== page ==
As another example, FIG. 5 may relate to security technology 500, which is configured to provide surveillance for the region near the door 502. The sensor system 110 includes at least an image sensor that is configured to capture image data or video data relating to scenes for the region near the door 502. The control system 120 is configured to obtain the image data or video data from the sensor system 110. The control system 120 is configured to classify scenes. The control system 120 is configured provide a scene as an input image to the robust classifier 200. For example, the control system 120 may be configured to classify the scene as being “suspicious” or “not suspicious.” The control system 120 is configured to generate actuator control data in response to the classification (e.g. class label of “suspicious”) provided by the robust classifier 200. In addition, as a non-limiting example, in response to the actuator control data, the control system 120 is configured to control the actuator system 170 to highlight and display the input image on the display 504 when the robust classifier 200 identifies the input image as belonging to the “suspicious” class and/or transmit the input image to the appropriate authorities.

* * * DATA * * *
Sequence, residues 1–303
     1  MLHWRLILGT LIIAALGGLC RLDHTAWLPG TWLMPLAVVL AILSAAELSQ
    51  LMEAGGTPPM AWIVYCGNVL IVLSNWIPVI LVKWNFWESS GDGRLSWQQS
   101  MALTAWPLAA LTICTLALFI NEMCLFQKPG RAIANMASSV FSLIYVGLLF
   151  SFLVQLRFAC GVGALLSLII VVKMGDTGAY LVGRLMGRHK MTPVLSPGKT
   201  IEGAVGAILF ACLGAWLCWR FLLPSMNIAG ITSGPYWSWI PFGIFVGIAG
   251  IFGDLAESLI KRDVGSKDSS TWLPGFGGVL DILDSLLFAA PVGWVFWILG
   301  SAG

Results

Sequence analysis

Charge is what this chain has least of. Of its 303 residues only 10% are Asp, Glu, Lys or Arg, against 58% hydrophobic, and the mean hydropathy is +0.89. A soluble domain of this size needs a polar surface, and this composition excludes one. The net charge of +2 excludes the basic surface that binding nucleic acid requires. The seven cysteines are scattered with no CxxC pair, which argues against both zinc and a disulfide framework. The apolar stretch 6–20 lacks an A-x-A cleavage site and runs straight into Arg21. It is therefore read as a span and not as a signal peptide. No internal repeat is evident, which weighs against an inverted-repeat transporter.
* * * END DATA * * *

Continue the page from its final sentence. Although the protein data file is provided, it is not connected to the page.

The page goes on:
FIG. 6 is a diagram of the system 100 with respect to imaging technology 600 according to an example embodiment. As a non-limiting example, the imaging technology 600 includes a magnetic resonance imaging (MRI) apparatus, an x-ray imaging apparatus, an ultrasonic apparatus, a medical imaging apparatus, or any suitable type of imaging apparatus. In FIG. 6, the sensor system 110 includes at least one imaging sensor. The control system 120 is configured to obtain image data from the sensor system 110. The control system 120 is configured to classify an input image, which is based on at least a part or all of the image data that is generated based on the sensor system 110. For example, the control system 120 may classify the input image as being “anomalous.” The control system 120 is configured to generate actuator control data in response to the classification (e.g. class label of anomalous) provided by the robust classifier 200. In addition, as a non-limiting example, in response to the actuator control data, the control system 120 is configured to control the actuator system 170 to at least highlight the input image and display the highlighted input image on a display 602.